Thursday, September 30, 2010

Review: The Exiled Queen

Synopsis: Haunted by the loss of his mother and sister, Han Alister journeys south to begin his schooling at Mystwerk House in Oden’s Ford. But leaving the Fells doesn’t mean danger isn’t far behind. Han is hunted every step of the way by the Bayars, a powerful wizarding family set on reclaiming the amulet Han stole from them. And Mystwerk House has dangers of its own. There, Han meets Crow, a mysterious wizard who agrees to tutor Han in the darker parts of sorcery—but the bargain they make is one Han may regret.  Meanwhile, Princess Raisa ana’Marianna runs from a forced marriage in the Fells, accompanied by her friend Amon and his triple of cadets. Now, the safest place for Raisa is Wein House, the military academy at Oden's Ford. If Raisa can pass as a regular student, Wein House will offer both sanctuary and the education Raisa needs to succeed as the next Gray Wolf queen.  The Exiled Queen is an epic tale of uncertain friendships, cut-throat politics, and the irresistible power of attraction.

My Review: I have to start off by saying that Cinda Williams Chima writes one of my favorite trilogies (soon to be series).  Naturally I was psyched to hear about the Demon King and its sequels.  I was not disappointed!  I love this new world and cast of characters even more than the Heir books!  I about squealed with joy when I saw that The Exiled Queen was available for a book tour.   It definitely met my expectations! 

Cinda does a magnificent job (as always) of creating a world full of rich depth and unique history.  The Exiled Queen feels like you are stepping into a whole other world.   The reader is fully immersed in the story and makes the reading experience all the more exciting.   I’m fascinated by the history of the Demon King and Queen Hanalea.  I wish Cinda would pull a Beedle the Bard and solely focus on the story there.  That would make me entirely too happy.  XD   The Seven Realms, the Clans, and the Queens are all truly fascinating.  The story and background are so rich it’s hard to not be appreciative of it.  It is truly one of the reasons I adore these books so much.    The plot of The Exiled Queen, while pretty much being filler for the story at large, was still full of twists and surprises.  I loved the eventual meshing of Han and Raisa’s journeys.  It was beautifully done, and it wasn’t forced.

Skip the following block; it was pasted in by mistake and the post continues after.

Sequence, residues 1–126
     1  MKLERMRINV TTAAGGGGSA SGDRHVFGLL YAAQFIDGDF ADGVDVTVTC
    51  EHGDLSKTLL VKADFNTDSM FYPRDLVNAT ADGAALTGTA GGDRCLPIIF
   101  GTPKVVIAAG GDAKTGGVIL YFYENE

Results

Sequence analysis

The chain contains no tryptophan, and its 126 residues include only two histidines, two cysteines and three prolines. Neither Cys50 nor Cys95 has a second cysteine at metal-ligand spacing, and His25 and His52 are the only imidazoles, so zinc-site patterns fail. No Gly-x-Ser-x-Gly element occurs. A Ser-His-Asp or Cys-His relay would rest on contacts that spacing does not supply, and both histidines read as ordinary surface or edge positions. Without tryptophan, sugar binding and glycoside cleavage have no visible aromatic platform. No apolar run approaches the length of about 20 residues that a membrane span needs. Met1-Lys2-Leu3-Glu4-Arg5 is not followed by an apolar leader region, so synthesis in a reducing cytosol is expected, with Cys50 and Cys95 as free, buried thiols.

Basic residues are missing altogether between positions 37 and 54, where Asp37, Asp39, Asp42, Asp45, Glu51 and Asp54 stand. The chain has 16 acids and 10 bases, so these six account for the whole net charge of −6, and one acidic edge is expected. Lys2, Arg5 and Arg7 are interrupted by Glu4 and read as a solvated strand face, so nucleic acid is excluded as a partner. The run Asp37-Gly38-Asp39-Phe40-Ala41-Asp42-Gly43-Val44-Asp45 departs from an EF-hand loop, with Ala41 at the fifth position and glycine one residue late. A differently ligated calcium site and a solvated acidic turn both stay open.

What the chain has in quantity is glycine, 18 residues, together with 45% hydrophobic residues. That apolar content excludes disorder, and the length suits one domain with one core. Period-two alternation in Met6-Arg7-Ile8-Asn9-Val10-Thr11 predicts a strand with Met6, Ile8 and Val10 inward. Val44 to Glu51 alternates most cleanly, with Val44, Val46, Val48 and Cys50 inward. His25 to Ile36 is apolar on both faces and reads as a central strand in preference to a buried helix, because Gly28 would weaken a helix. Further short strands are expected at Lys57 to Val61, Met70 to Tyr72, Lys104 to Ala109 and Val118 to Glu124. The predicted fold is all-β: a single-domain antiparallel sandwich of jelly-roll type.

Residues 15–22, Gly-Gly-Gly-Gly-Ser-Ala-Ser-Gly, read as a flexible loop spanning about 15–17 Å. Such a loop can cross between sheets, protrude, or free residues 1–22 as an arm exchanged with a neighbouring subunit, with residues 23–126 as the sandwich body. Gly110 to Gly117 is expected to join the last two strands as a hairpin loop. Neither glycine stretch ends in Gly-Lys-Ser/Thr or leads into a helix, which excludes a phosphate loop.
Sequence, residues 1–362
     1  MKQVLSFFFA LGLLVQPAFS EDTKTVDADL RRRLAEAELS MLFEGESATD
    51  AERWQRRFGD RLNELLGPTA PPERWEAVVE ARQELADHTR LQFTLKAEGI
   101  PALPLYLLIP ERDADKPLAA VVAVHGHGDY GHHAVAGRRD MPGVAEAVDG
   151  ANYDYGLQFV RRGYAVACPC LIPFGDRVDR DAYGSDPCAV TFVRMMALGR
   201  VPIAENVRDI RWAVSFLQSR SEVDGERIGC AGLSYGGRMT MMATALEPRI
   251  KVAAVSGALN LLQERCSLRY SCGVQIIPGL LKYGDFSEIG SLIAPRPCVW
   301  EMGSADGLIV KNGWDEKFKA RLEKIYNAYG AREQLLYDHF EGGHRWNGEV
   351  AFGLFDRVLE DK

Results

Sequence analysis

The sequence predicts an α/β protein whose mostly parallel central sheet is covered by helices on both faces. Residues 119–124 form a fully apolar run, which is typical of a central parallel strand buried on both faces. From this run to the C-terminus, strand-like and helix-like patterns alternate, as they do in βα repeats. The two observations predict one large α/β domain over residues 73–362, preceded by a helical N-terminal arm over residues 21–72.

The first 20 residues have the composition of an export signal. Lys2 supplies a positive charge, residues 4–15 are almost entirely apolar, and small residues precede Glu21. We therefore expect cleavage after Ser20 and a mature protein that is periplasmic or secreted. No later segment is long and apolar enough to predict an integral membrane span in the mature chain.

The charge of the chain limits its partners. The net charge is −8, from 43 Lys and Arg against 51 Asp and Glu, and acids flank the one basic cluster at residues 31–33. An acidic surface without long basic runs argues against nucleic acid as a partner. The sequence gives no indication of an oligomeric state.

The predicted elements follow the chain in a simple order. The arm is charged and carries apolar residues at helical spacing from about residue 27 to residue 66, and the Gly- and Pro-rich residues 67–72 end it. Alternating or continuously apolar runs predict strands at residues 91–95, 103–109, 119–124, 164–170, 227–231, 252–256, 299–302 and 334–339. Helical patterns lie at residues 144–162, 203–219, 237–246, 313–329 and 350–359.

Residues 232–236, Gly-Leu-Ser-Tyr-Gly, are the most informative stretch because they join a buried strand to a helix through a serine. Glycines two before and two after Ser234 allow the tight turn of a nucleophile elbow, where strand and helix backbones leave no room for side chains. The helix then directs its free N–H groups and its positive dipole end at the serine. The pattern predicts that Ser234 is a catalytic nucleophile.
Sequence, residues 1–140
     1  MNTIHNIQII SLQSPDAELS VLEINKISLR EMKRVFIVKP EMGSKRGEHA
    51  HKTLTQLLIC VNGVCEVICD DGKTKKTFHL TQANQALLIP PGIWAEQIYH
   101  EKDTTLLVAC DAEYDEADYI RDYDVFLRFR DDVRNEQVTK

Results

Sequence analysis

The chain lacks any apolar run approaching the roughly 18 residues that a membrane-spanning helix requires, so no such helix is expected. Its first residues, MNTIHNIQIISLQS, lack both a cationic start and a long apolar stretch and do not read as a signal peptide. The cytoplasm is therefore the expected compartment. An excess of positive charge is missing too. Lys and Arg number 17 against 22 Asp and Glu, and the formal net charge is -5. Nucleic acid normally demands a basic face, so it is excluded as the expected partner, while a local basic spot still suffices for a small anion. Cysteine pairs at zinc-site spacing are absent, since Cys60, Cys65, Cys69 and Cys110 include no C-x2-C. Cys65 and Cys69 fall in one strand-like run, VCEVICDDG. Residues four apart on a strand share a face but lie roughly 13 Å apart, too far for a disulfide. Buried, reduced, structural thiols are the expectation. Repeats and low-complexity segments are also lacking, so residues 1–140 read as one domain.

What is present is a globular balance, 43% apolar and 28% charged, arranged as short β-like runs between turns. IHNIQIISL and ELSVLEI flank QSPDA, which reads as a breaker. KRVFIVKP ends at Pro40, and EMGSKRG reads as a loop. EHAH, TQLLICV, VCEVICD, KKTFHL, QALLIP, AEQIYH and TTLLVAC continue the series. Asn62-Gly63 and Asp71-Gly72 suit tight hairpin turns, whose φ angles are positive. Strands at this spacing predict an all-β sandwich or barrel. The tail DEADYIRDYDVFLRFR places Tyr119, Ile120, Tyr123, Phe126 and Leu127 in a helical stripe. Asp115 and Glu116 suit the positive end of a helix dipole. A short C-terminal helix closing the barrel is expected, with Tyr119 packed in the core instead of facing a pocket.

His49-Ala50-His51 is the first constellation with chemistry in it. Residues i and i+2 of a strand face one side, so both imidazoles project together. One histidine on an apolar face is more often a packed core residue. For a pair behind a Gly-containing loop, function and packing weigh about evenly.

Okay time for a bit of gushing.  I LOVE Han.  Probably my favorite male MC.  EVA!  Just ah!  I adore him.  Plain and simple; he is epic.   He is just an incredibly rich and diverse character.  He has such incredible depth to his character and personality it’s difficult to NOT love him.  One of the things I enjoy so much about Han is that he has many different faces, but no one truly knows the real him.  He may be known by many as Cuffs, or even Hunts Alone, but few know him as just Han; a young man who is more than just the former street lord and friend to the Clans.   People only glimpse at the surface, and that is definitely the case with Han.  Many people judge him on his reputation alone, and not for who he truly is.  While Han looks out for himself, he is always thinking of his loved ones as well.  Han can go from threatening to off someone in a dark alley to being a brilliant funny guy.  Han grew up in a rough world, where it was either kill or be killed and he doesn’t shy away from potential nasty activities that he thinks are necessary.  I loved that when Raisa and Han finally meet again at Oden’s Ford that it is Raisa who truly gets to see the real him.  Not Cuffs or Hunts Alone, just Han.  It was all too sweet and Han deserves a true friend who he can be himself around.  I love getting to know more of Han and honestly I’d rather be reading his POV the entire time sometimes.  I love Raisa, but I love Han more.  XP   I’m sure I’m not the only fan girl out there.  Haha. 
Raisa did a lot of growing up in this novel.  Raisa’s never been ignorant of the world, but she tends to be a bit naïve.  Especially in thinking that everyone in the Queen’s service is loyal.  It’s a concept she soon rectifies.  Raisa used to lump people into good and bad.  In The Exiled Queen Raisa realizes that there are degrees of both in everyone, including herself.  People are not inherently good or bad, it is what their actions do that defines them.   Raisa embraces her chance to learn more of the world beyond court politics.  She is a true monarch and wants what is best for her people.  She trains like any other soldier and has classes involving battle tactics, history, and learns cultures and political situations of the other Realms.  One of the things I love so much about Raisa is that she is highly mature.  Reminds me of myself actually.  Raisa is very rational and doesn’t judge people for what they do, but for who they are.  One thing that I really appreciated was her capability for self reflection.  She stopped and thought about what she was feeling and WHY.  Not many people do this, and more people should.  It is a quality I greatly admire and wish I did more of.  I enjoy reading from Raisa’s POV, but it just doesn’t compete with Han.  XP